If two or more delta sample capacitors are connected at the sample point 912, then the Tsample signal 926 is preferably active only while all of the columns coupled to the sample point 912 via a delta sense capacitor are conducting, and thus should be made inactive before any transient voltages which may occur at the end of the shortest of the exposures of the sampled columns. In this circumstance, the logical “and” of all LSamp 740 (FIG. 7) signals, corresponding to the plurality of delta sample capacitors that are coupled to the delta sample point 912, may be used for Tsample 926. The sample reset signal 922 may remain, for example, the same as ESamp 730 (FIG. 7).

In the foregoing manner, output from the sample block 356 may be based upon signals from any selectable combination of exposed (i.e., conducting) columns during a particular scan cycle. Each delta sense capacitor (e.g., 902, 906, 908) that is coupled to the sample point 912, and in turn is connected to a selected column, provides one of the selected combinations of column signals. The output of the sample block 356 may be coupled to the combining circuit 312 via the connection 357, and additional sample blocks, such as the sample block 366, may also be connected to the combining circuit 312.

The combination of the combiner circuit 312 and the amplifier circuit 960 should be non-inverting with respect to the input signal(s) from the (one or more) column connection(s). With the polarities shown for the delta integration circuit illustrated in the combiner block 312, an inverting amplifier circuit 960 may be employed instead of an ordinary buffer 310 to provide Vpr at the connection 314. Gain may be set at these stages, and the integrator places a pole at zero samples per second to yield high gain at steady state. It may be convenient to set Vpr from the inverting amplifier 960 to be a minimum of Vdd/4 and a maximum of Vdd, for an amplifier (e.g., 920) having an output voltage range of 0 to Vdd, by using resistor ratios as shown in FIG. 9. Any circuit which is compatible with the driver device may be used to replace the integration circuit, along with the inverting amplifier 960, so long as it causes the net buffered value Vpr 314 to cover a wide enough range, and to shift across time in the same direction as does the voltage of Vcol during exposure, and as long as it creates a stable loop. Typically, overdamped stability is acceptable. The integration capacitor 928 may be about 3 to 10 times a sum of all delta sense capacitors (such as 902, 906, 908, etc. for the sample block 356, and those similarly coupled to all other sample blocks connected to the combining block 312) during a frame (i.e., a sequential scan of all rows). Each delta sense capacitor may, for example, be about 0.25 pF.

Alternatives and Extensions

While the above description has pointed out novel features of the invention as applied to various embodiments, the skilled person will understand that various omissions, substitutions, and changes in the form and details of the device or process illustrated may be made without departing from the scope of the invention. For example, those skilled in the art will understand that the orientation, polarity, and connections of devices in the display matrix are matters of design convenience. Other details may be varied, as well. For example, the current supplied during conduction periods is typically constant, but need not be. So long as the total charge delivered to elements during conduction periods is known and controlled, a precharge voltage which causes the conduction voltage (e.g., Vcol) change during the exposure periods to be null will assure that the delivered charge is equal to the charge conducted by the target element. As another example, zero is typically the desired change in the conduction voltage during the exposure, but other voltages are possible. In one possibility, the precharge voltage may be intentionally higher than equilibrium. Such a Vpr may be established easily using digital sampling and programmatic control, or in the circuits of FIGS. 8 and 9 the integrator or amplifier (or buffer) providing Vpr may have a selected positive offset voltage. Indeed, it may be controllable as with FIG. 6. The skilled person can implement such alternatives if engineering considerations warrant their use. The skilled person will also be able to adapt the details described herein to a system having different devices, different polarities, or different row and column architectures. All such alternative systems are implicitly described by extension from the description above, and are contemplated as alternative embodiments of the invention. Therefore, the scope of the invention is defined by the appended claims rather than by the foregoing detailed description. All variations coming within the meaning and range of equivalency of the claims are embraced within their scope.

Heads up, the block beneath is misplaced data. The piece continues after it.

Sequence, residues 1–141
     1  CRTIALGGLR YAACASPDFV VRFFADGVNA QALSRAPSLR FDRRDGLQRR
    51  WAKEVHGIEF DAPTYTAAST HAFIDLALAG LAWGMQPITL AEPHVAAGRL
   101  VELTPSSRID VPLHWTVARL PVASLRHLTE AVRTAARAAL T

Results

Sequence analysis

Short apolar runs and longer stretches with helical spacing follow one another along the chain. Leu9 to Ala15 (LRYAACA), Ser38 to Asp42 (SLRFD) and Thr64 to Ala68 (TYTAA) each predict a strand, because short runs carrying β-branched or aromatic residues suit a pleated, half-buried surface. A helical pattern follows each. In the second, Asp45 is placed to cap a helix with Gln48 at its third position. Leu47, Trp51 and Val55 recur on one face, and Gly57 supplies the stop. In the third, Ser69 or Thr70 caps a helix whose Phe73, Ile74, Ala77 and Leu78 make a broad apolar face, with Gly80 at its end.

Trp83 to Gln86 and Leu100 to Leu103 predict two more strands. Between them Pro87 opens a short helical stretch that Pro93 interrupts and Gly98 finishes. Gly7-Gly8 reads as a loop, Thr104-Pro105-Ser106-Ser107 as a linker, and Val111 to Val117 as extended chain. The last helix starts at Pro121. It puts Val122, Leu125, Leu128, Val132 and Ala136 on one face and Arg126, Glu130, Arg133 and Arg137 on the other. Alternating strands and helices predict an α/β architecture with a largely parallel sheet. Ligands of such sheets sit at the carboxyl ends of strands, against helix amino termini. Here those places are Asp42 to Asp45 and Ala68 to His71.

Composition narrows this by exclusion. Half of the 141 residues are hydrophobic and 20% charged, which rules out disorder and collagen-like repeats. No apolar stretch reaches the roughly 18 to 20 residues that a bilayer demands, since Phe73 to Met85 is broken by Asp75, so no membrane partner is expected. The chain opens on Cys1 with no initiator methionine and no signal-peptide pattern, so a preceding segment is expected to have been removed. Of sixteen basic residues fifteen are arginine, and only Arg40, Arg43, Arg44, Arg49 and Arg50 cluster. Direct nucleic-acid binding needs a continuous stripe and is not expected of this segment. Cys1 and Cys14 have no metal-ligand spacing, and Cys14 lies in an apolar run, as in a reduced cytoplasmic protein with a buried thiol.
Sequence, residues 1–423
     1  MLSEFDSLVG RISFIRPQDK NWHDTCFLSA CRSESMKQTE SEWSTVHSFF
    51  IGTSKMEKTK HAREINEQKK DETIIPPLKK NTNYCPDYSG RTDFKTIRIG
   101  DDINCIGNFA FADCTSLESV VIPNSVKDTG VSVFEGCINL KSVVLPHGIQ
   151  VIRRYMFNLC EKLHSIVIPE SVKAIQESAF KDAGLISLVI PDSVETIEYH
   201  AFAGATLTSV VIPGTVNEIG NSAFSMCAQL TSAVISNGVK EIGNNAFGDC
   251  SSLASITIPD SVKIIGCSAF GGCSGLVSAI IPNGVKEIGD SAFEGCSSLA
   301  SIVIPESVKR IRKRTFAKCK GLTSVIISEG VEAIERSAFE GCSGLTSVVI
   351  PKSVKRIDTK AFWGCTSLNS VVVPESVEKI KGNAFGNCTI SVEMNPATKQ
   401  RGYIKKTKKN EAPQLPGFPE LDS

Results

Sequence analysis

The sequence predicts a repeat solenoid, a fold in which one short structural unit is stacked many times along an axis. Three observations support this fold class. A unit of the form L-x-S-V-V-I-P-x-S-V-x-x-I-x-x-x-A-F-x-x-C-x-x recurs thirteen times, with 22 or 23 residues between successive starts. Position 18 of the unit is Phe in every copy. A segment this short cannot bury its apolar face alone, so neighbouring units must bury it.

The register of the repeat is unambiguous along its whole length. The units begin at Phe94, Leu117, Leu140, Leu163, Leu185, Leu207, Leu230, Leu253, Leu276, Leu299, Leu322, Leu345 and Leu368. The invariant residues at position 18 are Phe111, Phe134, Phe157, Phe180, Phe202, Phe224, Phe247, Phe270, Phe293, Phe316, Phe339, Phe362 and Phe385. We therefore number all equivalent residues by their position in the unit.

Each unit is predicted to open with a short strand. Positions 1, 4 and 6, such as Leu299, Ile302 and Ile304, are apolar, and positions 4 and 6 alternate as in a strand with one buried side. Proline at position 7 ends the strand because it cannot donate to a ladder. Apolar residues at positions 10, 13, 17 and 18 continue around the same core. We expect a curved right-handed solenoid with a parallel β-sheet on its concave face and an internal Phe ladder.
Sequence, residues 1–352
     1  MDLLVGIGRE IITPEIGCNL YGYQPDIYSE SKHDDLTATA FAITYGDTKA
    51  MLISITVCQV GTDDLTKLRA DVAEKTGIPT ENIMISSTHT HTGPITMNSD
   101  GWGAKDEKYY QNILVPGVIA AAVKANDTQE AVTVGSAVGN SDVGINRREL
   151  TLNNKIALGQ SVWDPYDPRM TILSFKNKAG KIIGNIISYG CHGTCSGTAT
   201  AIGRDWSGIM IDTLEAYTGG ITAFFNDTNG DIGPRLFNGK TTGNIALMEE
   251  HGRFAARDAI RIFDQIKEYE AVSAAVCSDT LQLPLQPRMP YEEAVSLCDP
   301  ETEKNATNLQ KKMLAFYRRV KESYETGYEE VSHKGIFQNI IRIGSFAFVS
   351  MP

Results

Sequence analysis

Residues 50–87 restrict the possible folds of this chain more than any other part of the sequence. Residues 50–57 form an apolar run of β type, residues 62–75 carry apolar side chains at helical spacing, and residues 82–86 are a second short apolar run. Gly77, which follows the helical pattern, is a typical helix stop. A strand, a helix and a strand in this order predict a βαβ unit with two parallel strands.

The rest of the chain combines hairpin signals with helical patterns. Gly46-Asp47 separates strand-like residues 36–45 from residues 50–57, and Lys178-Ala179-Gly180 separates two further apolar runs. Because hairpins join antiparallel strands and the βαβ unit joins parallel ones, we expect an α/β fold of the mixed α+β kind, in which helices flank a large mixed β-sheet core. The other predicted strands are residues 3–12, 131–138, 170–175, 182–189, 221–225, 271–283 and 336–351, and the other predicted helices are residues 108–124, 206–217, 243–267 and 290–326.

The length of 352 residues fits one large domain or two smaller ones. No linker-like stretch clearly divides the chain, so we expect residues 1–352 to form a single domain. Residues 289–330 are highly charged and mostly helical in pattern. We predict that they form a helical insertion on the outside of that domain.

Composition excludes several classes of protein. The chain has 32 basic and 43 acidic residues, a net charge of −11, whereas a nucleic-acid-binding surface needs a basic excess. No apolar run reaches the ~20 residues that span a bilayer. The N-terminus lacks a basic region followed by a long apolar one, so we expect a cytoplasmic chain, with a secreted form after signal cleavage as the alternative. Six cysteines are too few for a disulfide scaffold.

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Classifications
U.S. Classification345/82, 313/463, 315/169.3, 345/204, 315/169.1
International ClassificationG05F3/02, H03F3/45, H02M3/07, C22B9/02, H03F3/68, G09G, H02M1/08, H03F1/08, G09G3/30, G09G5/00, G09G3/10, G01R31/00, G09G3/32
Cooperative ClassificationG09G2320/029, G09G2320/0223, G09G3/3283, G09G2310/0248, G09G2310/0251, G09G3/3216
European ClassificationG09G3/32A14C, G09G3/32A6